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TRC Final Report
Page Number (Original) 681
Paragraph Numbers 449 to 460
East Rand: Violations committed by SDUs and other ANC members
449 Violent conflict started in late 1990 in the townships of East Rand, when the ANC suspended the armed struggle, and the IFP was established as a political party and set up branches in hostels in various Reef townships.
450 Many of the violations committed by the ANC in this period were committed by paramilitary structures known as SDUs. The ANC argued in its first submission to the Commission that these structures were established in response to “grassroots demands for protection against the onslaught” of violence which began in August 1990, and that by the end of 1990, “pressure for the formation of SDUs had reached fever pitch”. The ANC emphasised that the SDUs were to be ‘nonpartisan’ bodies established within local communities for their protection. They claim that, “It was made clear that the overall control of SDUs was to remain with community structures and MK cadres were to participate as members of the community. MK command was to play a secondary role”. However, given the climate of political intolerance which prevailed and the role of senior members of MK in training and organising SDUs, it happened that in many cases the SDUs were seen as ANC structures. They have thus been analysed as ‘paramilitary structures’ of the ANC.
451 The ANC’s second submission to the Commission details the manner in which SDUs were established and trained. The document entitled For the Sake of Our Lives is appended to the ANC submission as an example of the instructions given by MK leadership for the training of SDUs in the 1990s. Regarding the setting up of SDUs, the ANC told the Commission:
Various clandestine units for the training and organisation of the various SDUs were set up, and some cadres were tasked to provide weaponry where possible … Selected members of MK, including senior officials from the command structures, were drawn into an ad hoc structure to assist with the arming of units … We do not have a record of MK’s role in SDUs since they were not HQ controlled structures.
452 The Commission received amnesty applications from Mr Ronnie Kasrils [AM5509/97], Mr Robert McBride [AM7033/97], Mr Aboobaker Ismail [AM7109/97] and Ms Janet Love [AM6652/97] – all members of the MK Command and senior ANC leadership – for their involvement in the establishment of SDUs. In addition, there are applications from ANC leaders Mr Jeffrey Thamsanqa Radebe [AM7170/97] and Mr Alec Erwin [AM6091/97]. As regards the East Rand conflict, the amnesty applications pertaining to the involvement of SDUs in conflict and violence were received from ANC members Mr Esau Chechela Machitje [AM7634/97], Mr Michael Khinini Phama [AM3155/96] and Mr Marvin Mokgale Maesela [AM3149/96].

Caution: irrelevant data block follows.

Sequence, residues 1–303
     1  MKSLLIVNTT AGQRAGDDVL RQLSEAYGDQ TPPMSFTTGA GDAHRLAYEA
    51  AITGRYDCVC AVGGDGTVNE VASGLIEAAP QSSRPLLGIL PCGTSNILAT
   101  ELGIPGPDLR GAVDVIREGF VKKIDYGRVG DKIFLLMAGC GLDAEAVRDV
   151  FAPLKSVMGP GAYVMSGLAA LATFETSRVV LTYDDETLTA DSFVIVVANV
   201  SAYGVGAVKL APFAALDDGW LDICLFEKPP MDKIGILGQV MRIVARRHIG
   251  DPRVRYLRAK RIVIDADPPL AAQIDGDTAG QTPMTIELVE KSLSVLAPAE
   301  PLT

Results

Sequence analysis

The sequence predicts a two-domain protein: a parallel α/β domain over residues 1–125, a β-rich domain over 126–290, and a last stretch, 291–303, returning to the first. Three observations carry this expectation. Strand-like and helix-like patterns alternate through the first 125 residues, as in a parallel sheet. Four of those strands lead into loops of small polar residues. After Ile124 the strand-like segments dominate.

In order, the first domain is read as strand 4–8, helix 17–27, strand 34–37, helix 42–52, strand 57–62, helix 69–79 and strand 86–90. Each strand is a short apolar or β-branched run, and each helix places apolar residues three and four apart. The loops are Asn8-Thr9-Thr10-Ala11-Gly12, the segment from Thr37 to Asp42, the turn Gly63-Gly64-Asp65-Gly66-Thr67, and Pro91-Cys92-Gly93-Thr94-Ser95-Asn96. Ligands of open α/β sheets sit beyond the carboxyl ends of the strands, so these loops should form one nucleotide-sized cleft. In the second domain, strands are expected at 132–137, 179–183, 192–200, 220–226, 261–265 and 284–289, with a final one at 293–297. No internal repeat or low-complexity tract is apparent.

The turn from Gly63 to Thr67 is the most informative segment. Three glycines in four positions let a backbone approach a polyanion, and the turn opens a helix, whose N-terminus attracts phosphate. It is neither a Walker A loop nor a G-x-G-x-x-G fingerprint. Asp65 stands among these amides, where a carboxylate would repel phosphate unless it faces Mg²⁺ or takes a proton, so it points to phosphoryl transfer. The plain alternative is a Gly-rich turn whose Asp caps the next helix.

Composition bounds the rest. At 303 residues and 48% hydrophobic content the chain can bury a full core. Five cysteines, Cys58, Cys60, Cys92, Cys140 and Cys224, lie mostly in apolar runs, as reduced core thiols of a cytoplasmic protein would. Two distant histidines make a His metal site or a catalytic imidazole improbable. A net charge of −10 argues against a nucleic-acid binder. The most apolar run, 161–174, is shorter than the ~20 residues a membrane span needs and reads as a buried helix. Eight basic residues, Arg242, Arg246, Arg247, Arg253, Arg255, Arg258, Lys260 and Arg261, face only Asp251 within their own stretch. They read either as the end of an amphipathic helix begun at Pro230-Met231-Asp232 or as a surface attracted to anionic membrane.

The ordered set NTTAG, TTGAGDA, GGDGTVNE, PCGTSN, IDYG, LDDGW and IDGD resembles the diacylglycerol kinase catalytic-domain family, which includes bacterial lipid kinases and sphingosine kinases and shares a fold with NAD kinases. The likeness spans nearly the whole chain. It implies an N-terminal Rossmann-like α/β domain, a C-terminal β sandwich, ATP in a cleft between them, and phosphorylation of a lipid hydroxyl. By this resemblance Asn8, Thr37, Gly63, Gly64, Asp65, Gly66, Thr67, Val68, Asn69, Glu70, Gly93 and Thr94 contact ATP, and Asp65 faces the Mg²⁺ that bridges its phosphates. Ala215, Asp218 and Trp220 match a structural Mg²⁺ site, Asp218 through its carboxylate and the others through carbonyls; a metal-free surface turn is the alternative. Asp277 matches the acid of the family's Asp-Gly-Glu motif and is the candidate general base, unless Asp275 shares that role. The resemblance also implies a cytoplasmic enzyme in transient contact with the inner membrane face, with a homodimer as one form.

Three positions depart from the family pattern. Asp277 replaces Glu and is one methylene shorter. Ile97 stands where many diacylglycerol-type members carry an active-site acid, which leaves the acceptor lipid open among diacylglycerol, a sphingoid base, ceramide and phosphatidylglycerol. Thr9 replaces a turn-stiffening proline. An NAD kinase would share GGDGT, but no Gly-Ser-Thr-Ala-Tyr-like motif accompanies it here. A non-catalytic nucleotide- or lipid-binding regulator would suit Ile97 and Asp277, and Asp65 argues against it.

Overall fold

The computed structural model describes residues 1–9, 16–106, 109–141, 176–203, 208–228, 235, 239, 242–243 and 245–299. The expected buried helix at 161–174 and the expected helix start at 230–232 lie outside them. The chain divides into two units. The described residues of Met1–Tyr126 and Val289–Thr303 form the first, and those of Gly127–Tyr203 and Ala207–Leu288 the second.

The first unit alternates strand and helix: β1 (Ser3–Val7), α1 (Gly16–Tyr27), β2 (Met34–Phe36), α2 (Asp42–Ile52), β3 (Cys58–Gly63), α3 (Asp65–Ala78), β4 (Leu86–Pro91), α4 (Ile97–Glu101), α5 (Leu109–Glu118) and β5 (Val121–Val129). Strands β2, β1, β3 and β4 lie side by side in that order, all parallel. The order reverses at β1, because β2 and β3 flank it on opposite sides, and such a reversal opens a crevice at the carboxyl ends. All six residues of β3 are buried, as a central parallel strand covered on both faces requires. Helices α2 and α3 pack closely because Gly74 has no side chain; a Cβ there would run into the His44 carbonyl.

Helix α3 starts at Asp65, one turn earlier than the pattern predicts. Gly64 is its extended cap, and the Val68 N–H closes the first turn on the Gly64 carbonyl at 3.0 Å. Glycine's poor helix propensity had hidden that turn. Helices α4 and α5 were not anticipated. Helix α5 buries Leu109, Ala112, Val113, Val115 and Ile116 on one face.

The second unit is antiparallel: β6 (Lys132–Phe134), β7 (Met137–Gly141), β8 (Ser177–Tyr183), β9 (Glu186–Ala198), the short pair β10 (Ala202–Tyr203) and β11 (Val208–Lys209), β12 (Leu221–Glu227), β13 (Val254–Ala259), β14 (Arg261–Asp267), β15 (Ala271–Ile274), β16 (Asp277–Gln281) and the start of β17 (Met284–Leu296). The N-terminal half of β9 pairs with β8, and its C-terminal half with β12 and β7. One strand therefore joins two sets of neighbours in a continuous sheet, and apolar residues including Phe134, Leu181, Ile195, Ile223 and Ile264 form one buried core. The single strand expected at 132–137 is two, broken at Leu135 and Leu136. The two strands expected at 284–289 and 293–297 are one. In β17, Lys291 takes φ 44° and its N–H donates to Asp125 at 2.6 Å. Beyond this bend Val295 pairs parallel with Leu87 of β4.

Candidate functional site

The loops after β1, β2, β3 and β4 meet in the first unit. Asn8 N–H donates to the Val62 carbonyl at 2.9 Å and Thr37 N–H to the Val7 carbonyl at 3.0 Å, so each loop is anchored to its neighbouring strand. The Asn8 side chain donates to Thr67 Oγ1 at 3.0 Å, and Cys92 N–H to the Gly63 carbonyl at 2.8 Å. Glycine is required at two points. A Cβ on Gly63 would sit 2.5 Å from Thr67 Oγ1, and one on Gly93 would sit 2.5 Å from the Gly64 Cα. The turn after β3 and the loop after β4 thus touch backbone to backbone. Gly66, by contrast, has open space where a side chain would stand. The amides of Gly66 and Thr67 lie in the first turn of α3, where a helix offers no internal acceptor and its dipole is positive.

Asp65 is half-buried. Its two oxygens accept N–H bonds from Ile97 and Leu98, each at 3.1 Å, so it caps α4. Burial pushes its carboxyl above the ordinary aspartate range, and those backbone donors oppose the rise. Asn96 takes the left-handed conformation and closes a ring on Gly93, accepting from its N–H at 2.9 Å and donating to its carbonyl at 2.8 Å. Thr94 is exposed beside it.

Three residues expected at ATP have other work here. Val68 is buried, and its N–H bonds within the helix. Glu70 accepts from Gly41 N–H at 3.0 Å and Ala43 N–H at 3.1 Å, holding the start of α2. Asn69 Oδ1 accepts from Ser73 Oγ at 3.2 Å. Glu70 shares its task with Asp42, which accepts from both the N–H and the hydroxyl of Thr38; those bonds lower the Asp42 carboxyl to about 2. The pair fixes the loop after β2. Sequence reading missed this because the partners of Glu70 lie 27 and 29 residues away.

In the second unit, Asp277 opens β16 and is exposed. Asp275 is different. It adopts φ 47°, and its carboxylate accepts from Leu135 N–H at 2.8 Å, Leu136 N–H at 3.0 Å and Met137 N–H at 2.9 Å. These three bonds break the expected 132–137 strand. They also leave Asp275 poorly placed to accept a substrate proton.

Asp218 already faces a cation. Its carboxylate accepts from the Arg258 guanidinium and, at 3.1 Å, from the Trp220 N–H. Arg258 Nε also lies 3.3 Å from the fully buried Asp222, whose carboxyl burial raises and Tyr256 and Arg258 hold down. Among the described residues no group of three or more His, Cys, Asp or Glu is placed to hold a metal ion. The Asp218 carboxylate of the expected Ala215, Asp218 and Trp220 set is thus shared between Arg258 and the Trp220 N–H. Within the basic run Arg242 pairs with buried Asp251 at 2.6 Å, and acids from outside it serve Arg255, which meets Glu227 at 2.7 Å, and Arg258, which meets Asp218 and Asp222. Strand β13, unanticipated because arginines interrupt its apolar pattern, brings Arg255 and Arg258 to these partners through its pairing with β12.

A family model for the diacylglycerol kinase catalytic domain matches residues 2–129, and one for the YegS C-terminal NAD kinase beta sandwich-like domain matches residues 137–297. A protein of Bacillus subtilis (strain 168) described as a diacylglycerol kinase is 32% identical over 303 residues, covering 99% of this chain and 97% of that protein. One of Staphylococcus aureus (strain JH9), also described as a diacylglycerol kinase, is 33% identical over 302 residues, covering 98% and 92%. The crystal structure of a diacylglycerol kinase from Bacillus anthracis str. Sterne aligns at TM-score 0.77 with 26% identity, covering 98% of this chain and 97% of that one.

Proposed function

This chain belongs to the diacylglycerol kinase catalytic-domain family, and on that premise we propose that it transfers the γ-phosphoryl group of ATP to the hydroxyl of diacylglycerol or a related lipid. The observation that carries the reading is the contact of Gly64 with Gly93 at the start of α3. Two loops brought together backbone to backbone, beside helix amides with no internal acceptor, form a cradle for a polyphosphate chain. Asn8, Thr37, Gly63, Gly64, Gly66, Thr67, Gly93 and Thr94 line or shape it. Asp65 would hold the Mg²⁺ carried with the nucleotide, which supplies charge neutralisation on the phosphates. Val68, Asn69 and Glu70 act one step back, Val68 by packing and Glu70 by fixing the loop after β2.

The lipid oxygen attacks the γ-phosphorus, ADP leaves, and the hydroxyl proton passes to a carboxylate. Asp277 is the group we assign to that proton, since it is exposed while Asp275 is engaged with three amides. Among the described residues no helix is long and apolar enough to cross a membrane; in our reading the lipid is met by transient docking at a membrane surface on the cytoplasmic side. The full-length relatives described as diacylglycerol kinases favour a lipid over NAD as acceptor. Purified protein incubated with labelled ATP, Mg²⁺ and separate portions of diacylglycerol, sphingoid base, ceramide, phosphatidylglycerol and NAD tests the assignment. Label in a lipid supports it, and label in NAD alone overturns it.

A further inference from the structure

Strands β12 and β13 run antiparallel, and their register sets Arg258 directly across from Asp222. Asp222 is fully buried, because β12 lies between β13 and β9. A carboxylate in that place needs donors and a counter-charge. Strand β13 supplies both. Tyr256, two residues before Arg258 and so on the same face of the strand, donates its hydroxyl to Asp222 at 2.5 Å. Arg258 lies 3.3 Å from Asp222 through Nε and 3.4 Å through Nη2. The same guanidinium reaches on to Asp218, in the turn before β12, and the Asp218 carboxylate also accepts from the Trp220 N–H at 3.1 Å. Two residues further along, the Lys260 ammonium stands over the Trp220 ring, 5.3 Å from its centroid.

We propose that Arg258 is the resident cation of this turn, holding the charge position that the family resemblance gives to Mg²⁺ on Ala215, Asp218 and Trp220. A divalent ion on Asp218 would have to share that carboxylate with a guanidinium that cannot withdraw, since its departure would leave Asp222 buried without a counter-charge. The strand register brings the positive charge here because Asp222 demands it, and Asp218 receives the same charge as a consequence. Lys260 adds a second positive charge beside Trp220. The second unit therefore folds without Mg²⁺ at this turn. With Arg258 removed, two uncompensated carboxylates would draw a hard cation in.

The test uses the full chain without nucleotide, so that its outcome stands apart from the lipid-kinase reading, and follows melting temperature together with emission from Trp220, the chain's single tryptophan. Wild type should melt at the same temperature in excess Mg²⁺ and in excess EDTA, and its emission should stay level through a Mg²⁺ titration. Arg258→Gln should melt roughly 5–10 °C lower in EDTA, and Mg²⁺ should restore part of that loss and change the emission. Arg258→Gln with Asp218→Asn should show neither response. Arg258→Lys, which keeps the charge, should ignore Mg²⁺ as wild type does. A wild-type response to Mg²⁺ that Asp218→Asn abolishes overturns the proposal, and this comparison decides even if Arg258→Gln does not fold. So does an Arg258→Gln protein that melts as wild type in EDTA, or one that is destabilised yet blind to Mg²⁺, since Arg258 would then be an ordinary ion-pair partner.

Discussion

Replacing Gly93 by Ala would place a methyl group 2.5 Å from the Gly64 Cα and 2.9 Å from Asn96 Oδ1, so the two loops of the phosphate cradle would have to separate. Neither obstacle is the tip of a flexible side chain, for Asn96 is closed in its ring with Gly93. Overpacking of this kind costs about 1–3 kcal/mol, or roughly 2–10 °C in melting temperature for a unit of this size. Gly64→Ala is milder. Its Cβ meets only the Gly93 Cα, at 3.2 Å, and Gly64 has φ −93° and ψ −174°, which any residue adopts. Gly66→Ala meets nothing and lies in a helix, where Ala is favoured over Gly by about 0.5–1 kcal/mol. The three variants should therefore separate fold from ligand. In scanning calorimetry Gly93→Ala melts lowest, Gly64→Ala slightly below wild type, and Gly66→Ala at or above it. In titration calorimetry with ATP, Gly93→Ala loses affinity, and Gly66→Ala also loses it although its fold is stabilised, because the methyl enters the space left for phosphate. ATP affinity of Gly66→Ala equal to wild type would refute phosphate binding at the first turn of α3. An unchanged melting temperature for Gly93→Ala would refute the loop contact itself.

453 A large number of violations by the ANC in this period involve the killing or severe ill treatment of ANC members by other ANC members. The amnesty hearing for members of the Katlehong SDU was heard in Boksburg in March 1998. In this application, members of the SDU testified that they had killed fourteen members of their community, including members of the ANCYL, because of conflict between the two groups in this period. The political motive given for these acts was that they were acting for the ‘self-defence’ of their community against an ‘enemy’, defined in this case as being certain members of the ANCYL.
454 The Commission asked the ANC leadership whether it was not irresponsible of the ANC to arm and train a force over which it did not exercise control. In response, Ronnie Kasrils acknowledged that “It was a very problematic situation and one could say at times extremely confusing”. However, he stressed the point made in the ANC submission that it “was made clear that the control (of these structures) was to remain with community structures. MK members were to participate as members of the community”.
Accumulation and distribution of weapons for the SDUs
455 After the ANC was unbanned and the leadership returned to the country, the ordnance department continued to play a role in the distribution of weapons. In the second ANC submission, it is noted that it was agreed that selected SDUs, particularly in the Reef area, would be assisted in arming themselves. Selected MK members, including senior officials from the command structure, were drawn into ad hoc structures to assist in the arming and training of units. This was in line with the ANC policy of assisting communities to defend themselves as decided at the 1991 MK conference in Venda. In the ‘recall hearings’, Mr Thabo Mbeki testified that the original intention was to get arms caches licensed and distributed legally to the SDUs, but this did not happen.